* Pension cuts, less than concrete and continued conditional commitments on debt relief, cuts in defense spending, and some controversy on the islands (the latter which we believe can be resolved easily) will be sure to not just create headaches within Syriza, but could also alienate Syriza’s coalition partner, the right wing ANEL, or Independent Greeks, who have specifically championed protecting the islands as their cause celebre.
* But while potentially losing the support of the left wing of Syriza – perhaps 15 to 30 delegates – and perhaps some kooky ANEL support in parliament, will certainly not be the best news for Tsipras, it may not spell his death knell.
* Morever, the continued EU hardline that would in effect force Syriza to draw on a broader base of support from parliament, including from opposition parties Potami, Pasok, and New Democracy, and a broader, cross party, and more democratically representative commitment, quite frankly, would not be an unwelcome development for the rest of Greece’s Eurozone partners – not that we would (openly) suggest forcing Tsipras to draw on opposition support could be a deliberate game plan for Eurozone officials.
* And the political pressure is not as crass or simplistic as some would assume of the EU attempting to force what would be highly disruptive regime change – certainly not after the democratic uproar over the Berlusconi and Papandreou ousters – but simply a statement of fact that has been pointed out to us that the participation of other parties could ensure continued pressure on Tsipras to deliver, and ensure at least a modicum of longevity to any agreement were the government in Athens to change at some point in time. As you may recall, the EU’s positive history of legislation passed on a cross party basis in Portugal, in contrast to the ongoing struggles with Greece, has not been lost on EU officials struggling with the ideologues of Syriza (see SGH 6/3/15, “Greece: Rocky Roadmap to a Deal”).
* As for Tsipras himself, he will have to bite the bullet and seek some help from outside his coalition, but this is where margin matters. But with just barely enough concessions from the EU to bring home, a newly re-opened nationalized TV station that is now fully a Syriza voice-piece for propaganda, and party discipline that may be stronger than many suspect, he could yet claim victory and survive some modest levels of defections.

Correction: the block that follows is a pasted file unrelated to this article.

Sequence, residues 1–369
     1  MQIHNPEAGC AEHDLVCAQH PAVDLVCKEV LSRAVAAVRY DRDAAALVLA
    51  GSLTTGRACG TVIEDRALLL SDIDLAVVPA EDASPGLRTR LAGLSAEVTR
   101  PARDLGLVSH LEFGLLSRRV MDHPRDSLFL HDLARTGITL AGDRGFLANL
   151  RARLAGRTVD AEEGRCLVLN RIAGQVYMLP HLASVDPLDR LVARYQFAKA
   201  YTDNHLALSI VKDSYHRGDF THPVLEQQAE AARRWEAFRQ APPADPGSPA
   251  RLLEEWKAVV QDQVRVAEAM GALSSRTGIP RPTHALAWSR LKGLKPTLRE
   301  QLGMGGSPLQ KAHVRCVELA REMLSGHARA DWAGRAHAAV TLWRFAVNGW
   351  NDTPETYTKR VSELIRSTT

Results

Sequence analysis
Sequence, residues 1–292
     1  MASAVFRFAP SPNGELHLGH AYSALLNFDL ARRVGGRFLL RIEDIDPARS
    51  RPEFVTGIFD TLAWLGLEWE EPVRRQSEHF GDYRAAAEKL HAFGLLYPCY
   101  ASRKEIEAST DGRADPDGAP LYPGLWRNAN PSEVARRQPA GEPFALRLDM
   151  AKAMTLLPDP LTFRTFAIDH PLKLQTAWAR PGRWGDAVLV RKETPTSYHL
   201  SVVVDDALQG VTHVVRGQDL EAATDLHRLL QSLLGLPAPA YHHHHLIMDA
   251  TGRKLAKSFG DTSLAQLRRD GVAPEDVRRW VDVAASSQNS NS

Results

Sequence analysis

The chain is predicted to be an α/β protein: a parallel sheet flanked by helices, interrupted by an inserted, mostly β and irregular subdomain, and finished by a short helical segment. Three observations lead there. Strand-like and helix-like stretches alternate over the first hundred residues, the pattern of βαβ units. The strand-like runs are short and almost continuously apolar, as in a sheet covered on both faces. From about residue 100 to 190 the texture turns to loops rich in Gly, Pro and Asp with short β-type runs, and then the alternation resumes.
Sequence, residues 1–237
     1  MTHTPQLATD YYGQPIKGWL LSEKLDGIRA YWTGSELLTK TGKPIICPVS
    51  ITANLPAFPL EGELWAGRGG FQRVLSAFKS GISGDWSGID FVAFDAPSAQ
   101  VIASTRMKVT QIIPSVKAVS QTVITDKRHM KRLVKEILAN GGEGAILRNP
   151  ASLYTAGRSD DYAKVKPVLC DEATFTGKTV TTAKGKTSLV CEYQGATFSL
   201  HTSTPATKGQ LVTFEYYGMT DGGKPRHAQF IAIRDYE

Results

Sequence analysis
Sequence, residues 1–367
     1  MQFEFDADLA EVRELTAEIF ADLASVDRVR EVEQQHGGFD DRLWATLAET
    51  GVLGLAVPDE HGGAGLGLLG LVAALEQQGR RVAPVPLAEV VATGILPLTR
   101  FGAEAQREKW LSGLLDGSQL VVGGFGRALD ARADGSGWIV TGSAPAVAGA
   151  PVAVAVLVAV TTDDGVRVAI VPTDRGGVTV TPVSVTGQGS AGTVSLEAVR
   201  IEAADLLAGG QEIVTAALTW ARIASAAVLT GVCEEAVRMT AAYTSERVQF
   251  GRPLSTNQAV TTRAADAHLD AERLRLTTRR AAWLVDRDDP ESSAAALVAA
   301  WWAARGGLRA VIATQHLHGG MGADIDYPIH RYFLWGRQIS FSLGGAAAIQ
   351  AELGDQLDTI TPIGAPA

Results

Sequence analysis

* The only realistic positive outcome – and our base case expectation – has not been for the disbursement of the 7.2 billion Euros remaining in Greece’s bailout tranche before June 30 – that ship sailed long ago. It has rather been for a messy and painfully agreed extension to hammer out a full deal, and that still seems likely (see again SGH “Greece: Rocky Roadmap to a Deal,” and SGH 6/23/15, “Greece: A Possible Deal, a Bumpy Road Ahead”).
* An extension would probably be benign for markets, as generally expected, but if reached under duress and stressful market conditions before or even after the weekend, could nevertheless also need to be accompanied with capital controls anyway in order to stem the hemorrhaging of assets from the Greek banking system.
* As to any bridge financing, there has as you will recall from our previous reports been a willingness to consider the release of EFSF/HFSF funds to help bridge the July/August ECB payments and gaps for funding Greek debt in case of a partial agreement and positive progress for a deal. But that may not come in time for the IMF payment on June 30.
* What could be available – if and only if negotiations proceed as planned – by then would be the 1.9 billion Euros of the SMP profits withheld by the EU to now if Greece shows some modicum of having fulfilled “Prior Actions”, with another 1.4 billion coming available in July – just enough to keep Athens on a tight leash. If there is a deal in sight, the ECB may even finally agree to raise the 15 billion Euro T-bill issuance limit for Athens by then.
* The alternative – which unfortunately we cannot still fully rule out – would be to risk a full collapse in negotiations that would lead certainly to capital controls, no interim funding and the specter of default, and with it far more dire consequences for Greece. But that Plan B, as it is increasingly being referred to in EU circles – is still not in our base case as things stand.